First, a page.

Did you know that men commit suicide 3.5x more often than women? Globally, 510,000 men die from suicide each year – that’s one every minute. White males accounted for 7 of 10 suicides in 2014, with the rate of suicide being the highest in middle age white men. Clearly the numbers suggest a crisis occurring when it comes to men and mental health, but why don’t we hear more about this? Because men don’t talk about it.
You may have seen someone you know on Facebook posting a pic of themselves giving the ‘okay’ symbol with their hand and nominating five friends. People around the world are taking part in the “It’s Okay To Talk” (#ItsOkayToTalk) movement, which is intended to raise awareness on suicide prevention in men, while offering an opportunity to change the narrative around mental health. Posting your picture is a small step towards normalizing and getting people to talk about these highly stigmatized topics.
What are the reasons men are at such a high risk for suicide? Well, for one thing, men are far less likely to seek support when they are struggling. Traditional gender roles and cultural norms have taught men to bottle it up, tough it out or ‘grin & bear it’ when it comes to any challenge. Across the world, men are not getting help soon enough. Having conversations about tough topics is challenging for anyone, but these traditional gender norms have made it infinitely more difficult for men to admit their struggles. Furthermore, men often do not have the internal skills to process emotions and employ healthy coping methods. It is common for men turn to anger, drug, alcohol, or violence when they are suffering.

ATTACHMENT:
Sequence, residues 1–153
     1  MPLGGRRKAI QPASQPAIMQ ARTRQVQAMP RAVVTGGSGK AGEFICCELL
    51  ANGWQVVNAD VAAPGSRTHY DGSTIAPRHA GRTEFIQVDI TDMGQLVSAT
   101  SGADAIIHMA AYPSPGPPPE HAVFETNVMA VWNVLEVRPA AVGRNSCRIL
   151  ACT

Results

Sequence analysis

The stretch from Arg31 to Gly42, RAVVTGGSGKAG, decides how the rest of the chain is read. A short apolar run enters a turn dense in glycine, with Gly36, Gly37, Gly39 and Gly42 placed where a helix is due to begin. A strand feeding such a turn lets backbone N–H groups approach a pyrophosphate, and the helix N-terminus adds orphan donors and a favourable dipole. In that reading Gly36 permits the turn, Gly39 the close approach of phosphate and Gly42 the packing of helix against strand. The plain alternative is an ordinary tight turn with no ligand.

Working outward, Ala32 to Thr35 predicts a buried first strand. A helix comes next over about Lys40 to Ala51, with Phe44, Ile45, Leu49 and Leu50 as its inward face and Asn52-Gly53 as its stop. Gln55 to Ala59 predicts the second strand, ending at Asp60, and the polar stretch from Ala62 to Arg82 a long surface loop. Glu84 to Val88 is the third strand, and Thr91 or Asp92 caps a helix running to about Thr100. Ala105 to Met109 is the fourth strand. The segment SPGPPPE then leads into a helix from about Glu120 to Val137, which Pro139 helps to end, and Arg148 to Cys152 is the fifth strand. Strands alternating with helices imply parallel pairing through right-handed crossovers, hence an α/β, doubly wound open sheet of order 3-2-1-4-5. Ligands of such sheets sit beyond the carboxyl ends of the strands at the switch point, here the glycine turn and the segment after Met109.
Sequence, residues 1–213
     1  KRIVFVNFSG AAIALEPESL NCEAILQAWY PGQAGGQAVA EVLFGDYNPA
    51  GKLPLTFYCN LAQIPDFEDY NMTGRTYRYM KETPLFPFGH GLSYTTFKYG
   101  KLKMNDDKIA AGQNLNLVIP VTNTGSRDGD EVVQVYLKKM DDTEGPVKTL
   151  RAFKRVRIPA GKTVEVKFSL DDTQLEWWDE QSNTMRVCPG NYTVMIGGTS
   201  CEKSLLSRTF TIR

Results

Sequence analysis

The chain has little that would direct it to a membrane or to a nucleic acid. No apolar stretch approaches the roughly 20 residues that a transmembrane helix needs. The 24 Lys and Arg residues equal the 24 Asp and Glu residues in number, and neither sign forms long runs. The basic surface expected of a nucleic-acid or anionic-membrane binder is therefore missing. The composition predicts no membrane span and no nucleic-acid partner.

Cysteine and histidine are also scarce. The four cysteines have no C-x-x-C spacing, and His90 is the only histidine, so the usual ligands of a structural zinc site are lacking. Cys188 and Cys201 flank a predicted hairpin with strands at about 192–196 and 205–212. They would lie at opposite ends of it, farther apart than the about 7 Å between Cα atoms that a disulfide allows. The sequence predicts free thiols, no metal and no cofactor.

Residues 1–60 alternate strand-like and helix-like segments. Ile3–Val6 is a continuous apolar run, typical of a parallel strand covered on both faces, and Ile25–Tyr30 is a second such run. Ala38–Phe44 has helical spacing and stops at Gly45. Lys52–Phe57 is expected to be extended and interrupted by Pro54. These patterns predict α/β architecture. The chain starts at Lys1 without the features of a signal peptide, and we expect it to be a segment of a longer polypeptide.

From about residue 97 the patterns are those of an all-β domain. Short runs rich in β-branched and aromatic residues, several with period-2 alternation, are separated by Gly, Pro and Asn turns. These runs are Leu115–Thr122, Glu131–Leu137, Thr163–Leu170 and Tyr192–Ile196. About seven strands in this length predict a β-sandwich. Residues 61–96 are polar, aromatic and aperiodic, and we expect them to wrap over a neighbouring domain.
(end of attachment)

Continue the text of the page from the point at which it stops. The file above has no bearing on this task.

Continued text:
So what are the ways we can better support the men in our lives? A key step is recognizing how difficult it is for men to come forward when in pain. When they do: LISTEN! If you miss their moment of vulnerability, it may not come back around. The traditional message to ‘toughen up’ is pervasive and can be perpetuated by anyone who attempts to quiet a plea for help. Honor the request for support and be there to help by assisting in finding a mental health professional, locating resources, and expressing your care. Additionally, not only is it typically more difficult for men to talk about their feelings, they process emotions differently. Getting cozy on a couch and grabbing the tissues is usually not their preferred route. But taking a walk, going for a drive, shooting some hoops, or playing darts are a few examples of ways to stimulate the conversation flow with men.
If there is a man in your life you are worried about, please don’t ignore it. Feel free to reach out to me, as I work extensively with men in my practice, or one of the many other excellent practitioners focused on men’s health. And don’t forget #ItsOkayToTalk.